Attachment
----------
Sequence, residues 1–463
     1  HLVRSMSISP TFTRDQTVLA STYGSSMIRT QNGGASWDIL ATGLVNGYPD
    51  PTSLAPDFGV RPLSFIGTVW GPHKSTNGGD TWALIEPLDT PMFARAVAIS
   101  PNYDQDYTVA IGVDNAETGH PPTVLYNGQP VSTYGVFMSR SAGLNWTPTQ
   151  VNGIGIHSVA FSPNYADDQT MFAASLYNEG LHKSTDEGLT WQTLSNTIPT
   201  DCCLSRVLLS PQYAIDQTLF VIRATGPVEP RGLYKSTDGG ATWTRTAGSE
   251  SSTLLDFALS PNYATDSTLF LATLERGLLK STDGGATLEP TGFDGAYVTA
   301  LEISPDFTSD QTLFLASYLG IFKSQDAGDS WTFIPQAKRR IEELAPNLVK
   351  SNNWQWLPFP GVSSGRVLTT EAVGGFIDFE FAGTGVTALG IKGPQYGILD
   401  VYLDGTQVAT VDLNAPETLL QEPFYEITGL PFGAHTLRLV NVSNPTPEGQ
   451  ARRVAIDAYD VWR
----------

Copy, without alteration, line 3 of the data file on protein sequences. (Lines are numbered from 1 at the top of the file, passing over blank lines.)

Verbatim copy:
    51  PTSLAPDFGV RPLSFIGTVW GPHKSTNGGD TWALIEPLDT PMFARAVAIS